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What Are the Different Types of War Fiction?

By G. Wiesen
Updated Feb 11, 2024
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Different types of war fiction include various formats in which works can be written as well as stories that cover a wide range of topics. Many works of fiction are written about a particular conflict, such as World War II or the American Civil War, while others are written about combat in general. There are also pieces of war fiction that are written about a fantastical battle, such as one set in a fantasy or science fiction setting. Fictional representations of strife can include a number of different formats, such as poems and plays, as well as short stories and novels.

War fiction generally refers to any written work about warfare, or in which a battle is the major setting, that is not a true story. Some of the most common and popular works within this genre are written about a real and specific event, but tell a tale that may not have necessarily happened. In these stories, the battle is often the backdrop for events, such as a particularly character-driven story unfolding amidst the chaos and drama of a battlefield. Specific conflicts are often preferred for this type of war fiction, such as one of the World Wars or the Trojan War.

There are also many pieces of war fiction that are written about a conflict that never happened, or about combat in a highly fictional setting. This could be a piece of speculative fiction about strife between American and Canada, or a doomsday scenario involving a conflict between every country in the world. More fantastical settings can also be used for such war fiction, such as a fantasy world inhabited by mythological creatures or a battle between humans and an alien species. In these types of stories, the fictional conflict may be just as important a feature as the characters themselves, who are often revealed through the trials they undergo.

Although a great deal of war fiction is written in standard prose form, there are also other formats that can be used by writers to tell stories about conflict. Poetry may not be the first method many people would use to relay stories of strife, but it can have a powerful impact on a work. The sparse nature of many poems can be used to provide fast and intense details about a battlefield or the nature of war. Plays can also be used as a vehicle for war fiction, and character-driven works often require a dramatic setting, such as a time of conflict.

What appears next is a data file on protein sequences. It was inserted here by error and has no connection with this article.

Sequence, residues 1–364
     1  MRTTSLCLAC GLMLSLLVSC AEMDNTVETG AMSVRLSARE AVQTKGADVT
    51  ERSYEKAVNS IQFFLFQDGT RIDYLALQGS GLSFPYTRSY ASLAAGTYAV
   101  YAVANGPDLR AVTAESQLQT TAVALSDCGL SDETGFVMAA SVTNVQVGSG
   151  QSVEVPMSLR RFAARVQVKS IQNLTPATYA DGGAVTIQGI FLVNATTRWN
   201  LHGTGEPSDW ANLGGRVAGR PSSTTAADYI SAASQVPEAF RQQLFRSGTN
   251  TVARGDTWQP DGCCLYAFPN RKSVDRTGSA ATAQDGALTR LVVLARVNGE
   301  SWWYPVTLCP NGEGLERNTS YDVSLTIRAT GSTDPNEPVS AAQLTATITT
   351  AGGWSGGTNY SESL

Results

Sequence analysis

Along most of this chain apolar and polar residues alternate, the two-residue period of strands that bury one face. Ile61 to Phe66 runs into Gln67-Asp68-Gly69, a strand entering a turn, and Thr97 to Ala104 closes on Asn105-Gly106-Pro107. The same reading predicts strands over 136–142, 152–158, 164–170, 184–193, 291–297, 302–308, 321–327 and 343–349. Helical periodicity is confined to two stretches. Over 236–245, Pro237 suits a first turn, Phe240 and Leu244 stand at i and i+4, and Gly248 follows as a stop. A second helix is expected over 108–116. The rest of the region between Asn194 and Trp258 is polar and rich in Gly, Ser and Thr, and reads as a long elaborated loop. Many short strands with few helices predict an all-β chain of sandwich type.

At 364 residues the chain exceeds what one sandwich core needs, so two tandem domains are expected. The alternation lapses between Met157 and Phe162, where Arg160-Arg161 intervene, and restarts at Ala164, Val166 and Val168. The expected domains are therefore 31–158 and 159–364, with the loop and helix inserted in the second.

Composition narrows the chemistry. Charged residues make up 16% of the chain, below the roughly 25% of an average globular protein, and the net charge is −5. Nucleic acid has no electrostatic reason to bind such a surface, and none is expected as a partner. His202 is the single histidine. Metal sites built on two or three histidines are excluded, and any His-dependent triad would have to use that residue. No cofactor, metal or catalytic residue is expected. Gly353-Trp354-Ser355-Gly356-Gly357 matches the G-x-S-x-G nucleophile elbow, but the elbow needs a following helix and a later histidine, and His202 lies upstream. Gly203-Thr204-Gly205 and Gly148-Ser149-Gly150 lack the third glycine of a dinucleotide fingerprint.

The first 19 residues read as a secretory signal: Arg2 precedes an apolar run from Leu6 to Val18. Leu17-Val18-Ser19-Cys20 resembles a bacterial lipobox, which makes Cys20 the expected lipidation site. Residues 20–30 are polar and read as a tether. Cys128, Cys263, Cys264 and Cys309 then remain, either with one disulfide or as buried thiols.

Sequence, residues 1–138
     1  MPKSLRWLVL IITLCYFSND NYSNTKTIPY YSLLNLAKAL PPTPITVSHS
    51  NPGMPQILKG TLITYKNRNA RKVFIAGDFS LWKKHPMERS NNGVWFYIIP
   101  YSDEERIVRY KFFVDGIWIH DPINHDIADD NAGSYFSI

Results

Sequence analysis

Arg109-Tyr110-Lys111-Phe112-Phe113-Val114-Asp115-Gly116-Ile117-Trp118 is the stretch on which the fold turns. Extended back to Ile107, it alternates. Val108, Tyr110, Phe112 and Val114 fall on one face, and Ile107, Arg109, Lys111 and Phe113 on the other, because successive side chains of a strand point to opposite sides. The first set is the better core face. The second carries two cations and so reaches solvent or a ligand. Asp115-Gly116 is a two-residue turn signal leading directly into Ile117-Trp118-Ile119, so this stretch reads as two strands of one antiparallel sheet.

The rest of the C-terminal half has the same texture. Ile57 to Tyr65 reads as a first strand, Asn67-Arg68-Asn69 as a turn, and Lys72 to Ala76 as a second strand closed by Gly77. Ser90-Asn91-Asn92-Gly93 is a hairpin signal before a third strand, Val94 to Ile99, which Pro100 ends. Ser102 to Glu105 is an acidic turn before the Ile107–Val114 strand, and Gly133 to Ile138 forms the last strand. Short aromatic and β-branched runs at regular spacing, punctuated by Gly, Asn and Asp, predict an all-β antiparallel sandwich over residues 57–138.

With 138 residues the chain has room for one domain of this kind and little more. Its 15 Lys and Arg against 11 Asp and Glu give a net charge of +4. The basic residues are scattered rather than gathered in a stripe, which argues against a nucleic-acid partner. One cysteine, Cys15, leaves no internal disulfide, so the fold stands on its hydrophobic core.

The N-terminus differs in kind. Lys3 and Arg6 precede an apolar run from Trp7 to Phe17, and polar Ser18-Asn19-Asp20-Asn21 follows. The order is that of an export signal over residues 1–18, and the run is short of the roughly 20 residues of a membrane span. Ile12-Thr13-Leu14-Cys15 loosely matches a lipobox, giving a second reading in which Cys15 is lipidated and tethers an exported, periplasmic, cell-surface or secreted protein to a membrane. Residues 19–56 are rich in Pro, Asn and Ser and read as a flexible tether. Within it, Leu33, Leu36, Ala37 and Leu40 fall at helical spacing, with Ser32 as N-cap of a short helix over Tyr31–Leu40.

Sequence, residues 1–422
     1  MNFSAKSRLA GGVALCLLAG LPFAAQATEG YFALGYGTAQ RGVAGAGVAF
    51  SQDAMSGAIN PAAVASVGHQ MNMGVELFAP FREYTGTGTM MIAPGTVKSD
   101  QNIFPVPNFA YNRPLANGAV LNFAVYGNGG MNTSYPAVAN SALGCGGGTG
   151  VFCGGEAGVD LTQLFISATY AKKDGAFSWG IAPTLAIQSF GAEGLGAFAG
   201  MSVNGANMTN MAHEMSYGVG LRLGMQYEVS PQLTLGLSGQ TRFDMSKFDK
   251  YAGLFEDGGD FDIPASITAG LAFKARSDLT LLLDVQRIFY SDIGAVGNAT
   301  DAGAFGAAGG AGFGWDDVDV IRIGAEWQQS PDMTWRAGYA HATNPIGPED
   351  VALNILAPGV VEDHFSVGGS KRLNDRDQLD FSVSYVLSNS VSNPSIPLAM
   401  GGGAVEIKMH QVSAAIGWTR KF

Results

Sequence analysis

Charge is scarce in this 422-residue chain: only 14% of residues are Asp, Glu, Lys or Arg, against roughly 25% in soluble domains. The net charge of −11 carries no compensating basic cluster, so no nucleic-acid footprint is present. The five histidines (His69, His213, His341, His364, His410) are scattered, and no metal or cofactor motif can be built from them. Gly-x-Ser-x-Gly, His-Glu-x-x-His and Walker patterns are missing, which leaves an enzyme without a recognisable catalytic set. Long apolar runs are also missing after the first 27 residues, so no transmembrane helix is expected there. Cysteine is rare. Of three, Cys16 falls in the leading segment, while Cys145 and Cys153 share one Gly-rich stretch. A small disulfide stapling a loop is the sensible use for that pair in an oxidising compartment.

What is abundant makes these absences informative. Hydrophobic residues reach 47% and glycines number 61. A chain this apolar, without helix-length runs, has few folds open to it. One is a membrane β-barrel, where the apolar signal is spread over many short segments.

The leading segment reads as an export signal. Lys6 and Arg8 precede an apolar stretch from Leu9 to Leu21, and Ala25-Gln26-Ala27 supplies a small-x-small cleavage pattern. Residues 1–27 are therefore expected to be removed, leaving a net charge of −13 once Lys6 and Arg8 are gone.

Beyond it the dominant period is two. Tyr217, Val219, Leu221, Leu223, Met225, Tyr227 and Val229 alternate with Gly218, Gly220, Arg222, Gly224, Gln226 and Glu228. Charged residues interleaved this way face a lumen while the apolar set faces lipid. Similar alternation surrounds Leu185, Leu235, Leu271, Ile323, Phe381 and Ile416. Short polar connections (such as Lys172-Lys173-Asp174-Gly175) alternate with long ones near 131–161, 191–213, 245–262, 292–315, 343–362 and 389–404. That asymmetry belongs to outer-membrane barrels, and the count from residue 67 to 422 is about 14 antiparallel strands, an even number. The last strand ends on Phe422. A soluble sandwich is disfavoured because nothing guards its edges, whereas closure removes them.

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Discussion Comments

By bythewell — On Jul 12, 2012

@Mor - War fiction can also help kids on an individual level. I know that being able to read about the experiences of soldiers in wartime helps people to understand their army grandparents and parents better, when they have no personal experience of it.

Kids get exposed to so many "war" situations in their video games, they might think they understand the reality. But those games don't show the thousands of people who died from infection or illness, or the local folk who get caught up in the conflict whether they want it or not.

Even some adults could do with a reminder that war is not glorious and that the sacrifices of soldiers should always be held sacred. I think a well written book on war can do that in a way that nothing else can.

By Mor — On Jul 11, 2012

@irontoenail - It's just so important for people to write war fiction for all ages so that we can one day do without war entirely.

I know it centers around a fictional war, but 1984 was one of the most important books about war that I ever read when I was a child. It really brought into clear relief why propaganda and rationing happen during wartime and how they can easily spin out of control. It also helped me to understand people's reactions during war. It's very difficult for a child who has grown up in a democratic country without the threat of war to understand what that kind of threat can do to a person and why we have to maintain integrity in those circumstances. War fiction can help with that.

By irontoenail — On Jul 10, 2012

While I was studying history in high school I quickly realized that nothing would bring alive a period for me like reading a fiction book about it. Of course, you need to make sure that it's a good book, with accurate historical detail (and it helps if the author includes some analysis in the back as well).

We studied the Israel-Palestine conflict and I had a lot of difficulty understanding the real meaning behind the actions we learned about. Reading Exodus by Leon Uris was the way I really understood the motivations of the people involved in that conflict and how truly sad it is that there is no easy answer to it.

If your kids are having trouble understanding things like WW2 and so forth, try getting them relevant books to read so that they can get emotionally involved and soon the dates and conflicts will be much easier to remember.

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